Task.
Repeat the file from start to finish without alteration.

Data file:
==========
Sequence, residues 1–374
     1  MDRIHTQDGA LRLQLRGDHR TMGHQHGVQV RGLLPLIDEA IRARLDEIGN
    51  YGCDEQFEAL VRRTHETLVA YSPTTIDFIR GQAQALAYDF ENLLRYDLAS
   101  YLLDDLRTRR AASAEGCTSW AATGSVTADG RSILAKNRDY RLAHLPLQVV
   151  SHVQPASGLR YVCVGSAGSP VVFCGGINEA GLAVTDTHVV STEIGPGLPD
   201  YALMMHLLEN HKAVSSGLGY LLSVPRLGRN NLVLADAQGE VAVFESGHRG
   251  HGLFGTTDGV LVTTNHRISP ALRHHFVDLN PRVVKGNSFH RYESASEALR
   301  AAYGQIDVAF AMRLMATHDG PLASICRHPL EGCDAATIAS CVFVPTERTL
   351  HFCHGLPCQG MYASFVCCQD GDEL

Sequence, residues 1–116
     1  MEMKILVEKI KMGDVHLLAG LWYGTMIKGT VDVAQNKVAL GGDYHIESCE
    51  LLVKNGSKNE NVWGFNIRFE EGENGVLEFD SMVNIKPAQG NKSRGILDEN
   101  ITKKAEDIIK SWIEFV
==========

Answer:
Sequence, residues 1–374
     1  MDRIHTQDGA LRLQLRGDHR TMGHQHGVQV RGLLPLIDEA IRARLDEIGN
    51  YGCDEQFEAL VRRTHETLVA YSPTTIDFIR GQAQALAYDF ENLLRYDLAS
   101  YLLDDLRTRR AASAEGCTSW AATGSVTADG RSILAKNRDY RLAHLPLQVV
   151  SHVQPASGLR YVCVGSAGSP VVFCGGINEA GLAVTDTHVV STEIGPGLPD
   201  YALMMHLLEN HKAVSSGLGY LLSVPRLGRN NLVLADAQGE VAVFESGHRG
   251  HGLFGTTDGV LVTTNHRISP ALRHHFVDLN PRVVKGNSFH RYESASEALR
   301  AAYGQIDVAF AMRLMATHDG PLASICRHPL EGCDAATIAS CVFVPTERTL
   351  HFCHGLPCQG MYASFVCCQD GDEL

Sequence, residues 1–116
     1  MEMKILVEKI KMGDVHLLAG LWYGTMIKGT VDVAQNKVAL GGDYHIESCE
    51  LLVKNGSKNE NVWGFNIRFE EGENGVLEFD SMVNIKPAQG NKSRGILDEN
   101  ITKKAEDIIK SWIEFV